This is especially relevant for certain groups who face barriers to accessing psychological therapies and are at greater risk of cardiovascular disease. Collaborative care systems where specialists from both disciplines work together could be one way to make treatment more accessible and obtain better outcomes overall.”

There are  a number of different talking therapies available to help people deal with stress, anxiety and depression. They include cognitive behavioural therapy (CBT), the aim of which is to help patients explore and change how they think about their life, and free them from unhelpful patterns of behaviour.

Guided self help is another form of treatment where a person works through a CBT-based workbook or online course with the help of a therapist. Other types of talking therapy include counselling, and behavioural activation that aims to help people to take simple and practical steps to deal with depression and enjoy life again.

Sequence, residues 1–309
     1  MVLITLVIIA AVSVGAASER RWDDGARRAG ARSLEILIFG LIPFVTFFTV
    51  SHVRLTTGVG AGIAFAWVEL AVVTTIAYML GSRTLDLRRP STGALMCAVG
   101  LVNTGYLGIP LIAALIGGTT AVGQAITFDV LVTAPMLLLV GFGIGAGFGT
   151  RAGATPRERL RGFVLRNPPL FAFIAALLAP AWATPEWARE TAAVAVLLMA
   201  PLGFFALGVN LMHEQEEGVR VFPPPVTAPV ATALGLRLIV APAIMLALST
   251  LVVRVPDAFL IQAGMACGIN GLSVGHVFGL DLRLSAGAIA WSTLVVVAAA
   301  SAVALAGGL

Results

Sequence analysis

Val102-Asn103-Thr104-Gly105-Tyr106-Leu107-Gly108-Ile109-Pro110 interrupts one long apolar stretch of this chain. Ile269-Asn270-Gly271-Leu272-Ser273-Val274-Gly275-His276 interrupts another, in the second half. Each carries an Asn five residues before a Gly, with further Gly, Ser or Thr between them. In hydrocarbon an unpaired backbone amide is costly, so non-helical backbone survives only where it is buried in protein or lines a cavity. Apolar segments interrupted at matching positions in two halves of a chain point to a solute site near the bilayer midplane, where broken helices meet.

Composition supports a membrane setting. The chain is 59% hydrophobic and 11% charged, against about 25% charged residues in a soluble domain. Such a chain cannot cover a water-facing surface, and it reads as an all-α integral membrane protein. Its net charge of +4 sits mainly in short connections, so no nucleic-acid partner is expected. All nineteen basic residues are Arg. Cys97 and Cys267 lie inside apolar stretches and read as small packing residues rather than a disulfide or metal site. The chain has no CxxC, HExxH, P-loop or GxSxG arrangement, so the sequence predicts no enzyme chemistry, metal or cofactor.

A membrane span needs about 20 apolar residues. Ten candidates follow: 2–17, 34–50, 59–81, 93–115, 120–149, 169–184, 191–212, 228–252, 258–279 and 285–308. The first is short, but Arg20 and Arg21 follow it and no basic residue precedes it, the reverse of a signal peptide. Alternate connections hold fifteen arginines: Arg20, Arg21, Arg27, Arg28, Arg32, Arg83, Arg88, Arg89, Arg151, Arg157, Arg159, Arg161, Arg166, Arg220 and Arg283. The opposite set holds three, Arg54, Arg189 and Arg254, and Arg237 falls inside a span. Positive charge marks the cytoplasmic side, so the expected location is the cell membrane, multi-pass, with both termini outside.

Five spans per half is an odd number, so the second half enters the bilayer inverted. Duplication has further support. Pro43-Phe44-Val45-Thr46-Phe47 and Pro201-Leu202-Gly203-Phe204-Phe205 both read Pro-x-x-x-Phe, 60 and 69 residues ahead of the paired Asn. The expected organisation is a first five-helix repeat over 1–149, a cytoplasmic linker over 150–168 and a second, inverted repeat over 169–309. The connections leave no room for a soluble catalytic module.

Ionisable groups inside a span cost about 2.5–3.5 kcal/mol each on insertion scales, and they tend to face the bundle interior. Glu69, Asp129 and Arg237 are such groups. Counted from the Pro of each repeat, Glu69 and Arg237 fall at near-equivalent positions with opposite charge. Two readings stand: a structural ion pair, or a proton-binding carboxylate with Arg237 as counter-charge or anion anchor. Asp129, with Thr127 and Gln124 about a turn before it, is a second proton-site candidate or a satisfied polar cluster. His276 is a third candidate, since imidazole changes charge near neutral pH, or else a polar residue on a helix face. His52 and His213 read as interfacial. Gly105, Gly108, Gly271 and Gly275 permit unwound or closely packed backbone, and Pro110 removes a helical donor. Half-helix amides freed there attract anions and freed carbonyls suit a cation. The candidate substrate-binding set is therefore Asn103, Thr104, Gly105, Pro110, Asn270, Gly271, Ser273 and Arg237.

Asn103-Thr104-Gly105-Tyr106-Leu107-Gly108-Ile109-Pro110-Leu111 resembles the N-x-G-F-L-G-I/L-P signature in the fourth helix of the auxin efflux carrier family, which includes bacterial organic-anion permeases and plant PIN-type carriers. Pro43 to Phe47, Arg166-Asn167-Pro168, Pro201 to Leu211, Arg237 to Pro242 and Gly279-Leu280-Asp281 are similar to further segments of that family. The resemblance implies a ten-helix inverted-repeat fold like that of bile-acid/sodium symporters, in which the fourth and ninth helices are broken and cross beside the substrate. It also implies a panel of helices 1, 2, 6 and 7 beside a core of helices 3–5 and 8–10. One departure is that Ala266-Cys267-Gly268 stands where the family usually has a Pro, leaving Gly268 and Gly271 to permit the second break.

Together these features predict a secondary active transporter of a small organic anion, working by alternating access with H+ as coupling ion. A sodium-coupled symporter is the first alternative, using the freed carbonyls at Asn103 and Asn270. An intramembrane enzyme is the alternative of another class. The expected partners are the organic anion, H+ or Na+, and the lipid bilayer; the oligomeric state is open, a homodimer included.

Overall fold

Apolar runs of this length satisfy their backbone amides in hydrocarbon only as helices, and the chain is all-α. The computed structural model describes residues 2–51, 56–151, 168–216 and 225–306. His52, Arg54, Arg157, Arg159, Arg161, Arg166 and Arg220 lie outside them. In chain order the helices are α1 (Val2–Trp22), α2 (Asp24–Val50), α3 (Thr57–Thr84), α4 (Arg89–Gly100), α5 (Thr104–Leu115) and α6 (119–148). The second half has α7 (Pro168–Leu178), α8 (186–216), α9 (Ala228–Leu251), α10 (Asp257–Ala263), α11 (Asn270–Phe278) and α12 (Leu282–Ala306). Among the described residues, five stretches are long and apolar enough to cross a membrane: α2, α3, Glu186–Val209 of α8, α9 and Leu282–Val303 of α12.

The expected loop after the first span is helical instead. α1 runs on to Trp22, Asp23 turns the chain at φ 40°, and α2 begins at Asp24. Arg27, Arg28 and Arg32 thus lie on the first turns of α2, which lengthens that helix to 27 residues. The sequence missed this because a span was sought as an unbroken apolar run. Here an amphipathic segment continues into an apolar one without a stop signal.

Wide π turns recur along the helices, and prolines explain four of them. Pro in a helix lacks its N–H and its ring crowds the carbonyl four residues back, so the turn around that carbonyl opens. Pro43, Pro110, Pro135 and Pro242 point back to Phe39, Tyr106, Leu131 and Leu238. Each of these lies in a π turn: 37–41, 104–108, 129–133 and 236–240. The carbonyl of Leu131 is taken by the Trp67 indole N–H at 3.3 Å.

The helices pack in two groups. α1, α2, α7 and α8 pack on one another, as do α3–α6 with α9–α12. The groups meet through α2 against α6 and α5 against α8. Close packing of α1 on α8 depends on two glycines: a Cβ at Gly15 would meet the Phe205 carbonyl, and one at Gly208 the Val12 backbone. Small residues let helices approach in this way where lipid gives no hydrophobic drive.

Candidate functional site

Cardiovascular diseases are the leading cause of death worldwide. An estimated 18.6 million people died from this cause globally in 2019.

Previous studies have shown that the risk of cardiovascular disease is approximately 72% higher among people with major depressive disorders compared to their healthy peers.

The University College London study is the first to look at whether reducing depression symptoms with psychological therapy is associated with a lower likelihood of future cardiovascular disease.

The average age of those who took part was 55 years, and 66% were women. 

Information on psychological treatment, incidence of cardiovascular disease and death was obtained from national electronic health record databases in England and linked at the individual level.

Depression level was assessed before and after therapy using the Patient Health Questionnaire-9, which gives a score of 0 (not at all) to 3 (nearly every day) for nine items.